Insights: Alerts Federal Government Enjoined From Enforcing the Vaccine Mandate Against Federal Contractors and Subcontractors in Kentucky, Ohio, and Tennessee
Please note: The below information may require updating, including additional clarification, as the COVID-19 pandemic continues to develop. Please monitor our main COVID-19 Resource Center page and/or your email for updates.
If you are a federal contractor or subcontractor you have likely spent much of the fall following and preparing for (or fretting) the federal contractor vaccine mandate. We provided details about the mandate back in September when President Biden issued the Executive Order on Ensuring Adequate COVID Safety Protocols for Federal Contractors. You can find our summary here. Not surprisingly, the Executive Order caused much concern for contractors and subcontractors that had employees or lower-tier vendors that did not want to abide by the mandate. A number of states took up legal challenges against the Executive Order (just as they did against the OSHA Executive Order, which also resulted in an injunction). Yesterday, the Eastern District of Kentucky issued an injunction against the Government, enjoining it from enforcing the vaccine mandate against federal contractors and subcontractors in three states: Kentucky, Ohio, and Tennessee.
The decision issuing the injunction addresses a number of constitutional and statutory issues but ultimately concluded that a narrow injunction barring enforcement against contractors in Kentucky, Ohio, and Tennessee was appropriate in the face of the legal challenges. The obvious question on the mind of contractors and subcontractors now is what does this mean for me? Well, if you are in Kentucky, Ohio, or Tennessee, it means that there is a court order barring the federal government from enforcing the vaccine mandate against you. If you are a contractor outside these states, then the vaccine mandate remains intact for you and the January 4, 2022, compliance date (which we discuss here) looms. If you operate in Kentucky, Ohio, or Tennessee and outside of these states as well, you are faced with dueling scenarios of an injunction and application of the vaccine mandate by the January 4, 2022 deadline.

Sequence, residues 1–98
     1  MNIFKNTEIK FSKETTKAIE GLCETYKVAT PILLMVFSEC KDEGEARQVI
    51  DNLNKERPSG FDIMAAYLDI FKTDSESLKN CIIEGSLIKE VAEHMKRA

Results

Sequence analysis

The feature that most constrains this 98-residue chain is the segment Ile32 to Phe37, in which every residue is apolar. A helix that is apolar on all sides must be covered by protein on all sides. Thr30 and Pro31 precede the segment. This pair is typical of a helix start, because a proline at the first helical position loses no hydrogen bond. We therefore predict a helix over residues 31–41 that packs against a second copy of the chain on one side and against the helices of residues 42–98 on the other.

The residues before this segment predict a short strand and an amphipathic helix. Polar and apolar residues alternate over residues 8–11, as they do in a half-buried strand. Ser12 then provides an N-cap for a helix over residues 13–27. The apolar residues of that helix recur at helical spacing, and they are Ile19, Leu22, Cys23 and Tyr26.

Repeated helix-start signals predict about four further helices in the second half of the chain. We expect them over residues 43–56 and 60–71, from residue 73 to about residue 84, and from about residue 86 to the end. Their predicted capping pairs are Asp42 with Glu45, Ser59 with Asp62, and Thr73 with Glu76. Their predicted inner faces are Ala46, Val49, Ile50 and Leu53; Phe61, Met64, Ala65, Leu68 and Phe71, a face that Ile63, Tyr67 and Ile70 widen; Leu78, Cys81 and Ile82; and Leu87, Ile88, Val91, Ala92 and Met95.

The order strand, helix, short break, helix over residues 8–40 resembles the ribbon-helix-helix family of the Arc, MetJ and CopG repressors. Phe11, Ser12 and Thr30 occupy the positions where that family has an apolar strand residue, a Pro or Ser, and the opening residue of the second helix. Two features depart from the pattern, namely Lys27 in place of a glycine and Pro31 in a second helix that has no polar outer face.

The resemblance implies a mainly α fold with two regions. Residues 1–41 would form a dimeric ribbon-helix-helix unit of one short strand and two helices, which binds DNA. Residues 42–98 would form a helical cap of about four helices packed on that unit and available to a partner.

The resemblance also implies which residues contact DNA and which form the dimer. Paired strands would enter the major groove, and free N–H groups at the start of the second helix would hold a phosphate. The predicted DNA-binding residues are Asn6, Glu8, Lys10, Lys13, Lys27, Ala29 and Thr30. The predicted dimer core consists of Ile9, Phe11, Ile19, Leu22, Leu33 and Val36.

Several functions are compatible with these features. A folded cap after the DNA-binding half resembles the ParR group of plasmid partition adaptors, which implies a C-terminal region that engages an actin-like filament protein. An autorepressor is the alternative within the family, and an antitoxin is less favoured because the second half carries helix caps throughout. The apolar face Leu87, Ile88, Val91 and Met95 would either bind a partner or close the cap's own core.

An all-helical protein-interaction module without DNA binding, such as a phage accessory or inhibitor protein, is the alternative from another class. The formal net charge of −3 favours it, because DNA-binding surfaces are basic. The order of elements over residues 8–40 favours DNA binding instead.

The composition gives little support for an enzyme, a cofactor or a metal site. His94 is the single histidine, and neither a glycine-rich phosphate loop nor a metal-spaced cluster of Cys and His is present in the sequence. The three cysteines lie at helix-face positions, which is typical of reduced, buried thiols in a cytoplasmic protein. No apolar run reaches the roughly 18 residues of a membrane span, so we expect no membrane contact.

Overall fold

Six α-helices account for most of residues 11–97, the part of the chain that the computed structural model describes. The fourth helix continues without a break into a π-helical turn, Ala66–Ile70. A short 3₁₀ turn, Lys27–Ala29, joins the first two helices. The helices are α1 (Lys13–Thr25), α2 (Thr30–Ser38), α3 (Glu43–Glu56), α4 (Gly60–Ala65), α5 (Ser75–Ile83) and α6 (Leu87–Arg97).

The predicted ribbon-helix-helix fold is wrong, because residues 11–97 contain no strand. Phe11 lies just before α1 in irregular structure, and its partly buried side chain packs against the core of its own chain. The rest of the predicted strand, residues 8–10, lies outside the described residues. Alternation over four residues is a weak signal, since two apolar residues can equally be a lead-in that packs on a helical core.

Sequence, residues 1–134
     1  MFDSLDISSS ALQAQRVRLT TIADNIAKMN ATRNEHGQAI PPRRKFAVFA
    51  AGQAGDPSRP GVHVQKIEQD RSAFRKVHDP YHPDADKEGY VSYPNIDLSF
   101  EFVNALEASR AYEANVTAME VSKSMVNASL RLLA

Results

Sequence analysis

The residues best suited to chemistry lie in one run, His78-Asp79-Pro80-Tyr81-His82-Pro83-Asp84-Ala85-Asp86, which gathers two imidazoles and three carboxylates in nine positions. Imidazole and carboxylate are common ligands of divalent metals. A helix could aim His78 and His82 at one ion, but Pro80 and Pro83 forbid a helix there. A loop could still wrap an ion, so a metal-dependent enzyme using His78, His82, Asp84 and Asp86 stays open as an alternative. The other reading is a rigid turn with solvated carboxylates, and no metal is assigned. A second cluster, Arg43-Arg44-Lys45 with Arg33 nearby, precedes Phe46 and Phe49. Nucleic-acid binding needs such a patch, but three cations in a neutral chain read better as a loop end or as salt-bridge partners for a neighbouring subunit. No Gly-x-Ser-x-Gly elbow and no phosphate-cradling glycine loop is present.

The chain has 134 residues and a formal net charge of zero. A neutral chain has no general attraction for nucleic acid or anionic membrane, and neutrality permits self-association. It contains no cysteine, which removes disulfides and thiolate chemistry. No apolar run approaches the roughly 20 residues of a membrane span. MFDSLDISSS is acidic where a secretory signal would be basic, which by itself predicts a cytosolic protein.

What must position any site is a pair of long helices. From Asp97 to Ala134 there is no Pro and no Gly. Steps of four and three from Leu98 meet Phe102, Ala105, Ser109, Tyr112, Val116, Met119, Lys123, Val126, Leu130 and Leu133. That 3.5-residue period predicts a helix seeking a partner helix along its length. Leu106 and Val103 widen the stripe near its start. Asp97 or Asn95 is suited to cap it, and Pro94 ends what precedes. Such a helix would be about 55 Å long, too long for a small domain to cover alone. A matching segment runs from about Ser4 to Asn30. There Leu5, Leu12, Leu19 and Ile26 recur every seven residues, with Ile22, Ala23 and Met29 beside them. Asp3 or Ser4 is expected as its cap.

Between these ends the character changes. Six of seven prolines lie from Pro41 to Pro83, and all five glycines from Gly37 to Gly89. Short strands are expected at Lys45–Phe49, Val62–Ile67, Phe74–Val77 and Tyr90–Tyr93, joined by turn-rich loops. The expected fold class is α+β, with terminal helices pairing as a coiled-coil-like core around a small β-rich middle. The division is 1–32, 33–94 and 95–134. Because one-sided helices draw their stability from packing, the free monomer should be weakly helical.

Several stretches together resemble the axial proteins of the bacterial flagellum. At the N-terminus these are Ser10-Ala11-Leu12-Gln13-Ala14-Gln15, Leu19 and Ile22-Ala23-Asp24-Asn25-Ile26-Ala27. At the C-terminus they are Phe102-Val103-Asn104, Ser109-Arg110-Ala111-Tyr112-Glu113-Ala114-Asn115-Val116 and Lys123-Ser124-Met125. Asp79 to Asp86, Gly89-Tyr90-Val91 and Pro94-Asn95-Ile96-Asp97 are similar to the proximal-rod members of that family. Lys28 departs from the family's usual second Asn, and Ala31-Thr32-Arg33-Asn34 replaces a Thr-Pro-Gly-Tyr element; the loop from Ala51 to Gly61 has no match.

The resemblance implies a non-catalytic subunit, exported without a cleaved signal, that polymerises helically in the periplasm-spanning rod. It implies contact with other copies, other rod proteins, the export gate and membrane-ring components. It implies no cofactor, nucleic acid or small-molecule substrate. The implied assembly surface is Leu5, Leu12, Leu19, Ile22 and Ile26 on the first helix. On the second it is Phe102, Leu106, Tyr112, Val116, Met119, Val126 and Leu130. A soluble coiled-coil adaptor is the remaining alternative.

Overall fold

We had received reports of the Government stopping ordering from contractors that were refusing to accept the COVID FAR clause in existing agreements and this may prevent the Government from continuing with that posture for contractors in these three states.
A close second question is whether other injunctions are close behind. That is something that remains to be seen but it is possible other courts will use this decision as a roadmap to issue their own injunctions. Another possibility is that the Administration appeals this injunction, and it is overturned. While only time will tell which way the winds blow, one thing is certain—this saga is far from over. We will continue to monitor these issues but if you have questions about how this decision may impact your business, please reach out to one of the authors or your regular Kilpatrick Townsend contact.
- Agribusiness & Food Technology
- Apparel, Accessories & Luxury Goods
- Digital Assets and Distributed Ledger Technology
- Commercial Real Estate
- Construction & Infrastructure
- Consumer Goods
- Media & Entertainment
- Distressed Debt Workouts
- Electronics & Computer Technology
- Energy Investment
- Energy Procurement
- Financial Institutions
- Financial Services
- Food, Restaurant & Beverage
- Health & Life Sciences
- Home Furnishings
- Lease Disputes & Restructuring
- Medical & Surgical Devices
- Oil & Gas
- Project Development & Finance
- Real Estate Capital Markets
- Real Estate Finance
- Real Estate Finance & Capital Markets
- Real Estate Investment & Development
- Retail & Consumer Goods
While we are pleased to have you contact us by telephone, surface mail, electronic mail, or by facsimile transmission, contacting Kilpatrick Townsend & Stockton LLP or any of its attorneys does not create an attorney-client relationship. The formation of an attorney-client relationship requires consideration of multiple factors, including possible conflicts of interest. An attorney-client relationship is formed only when both you and the Firm have agreed to proceed with a defined engagement.
DO NOT CONVEY TO US ANY INFORMATION YOU REGARD AS CONFIDENTIAL UNTIL A FORMAL CLIENT-ATTORNEY RELATIONSHIP HAS BEEN ESTABLISHED.
If you do convey information, you recognize that we may review and disclose the information, and you agree that even if you regard the information as highly confidential and even if it is transmitted in a good faith effort to retain us, such a review does not preclude us from representing another client directly adverse to you, even in a matter where that information could be used against you.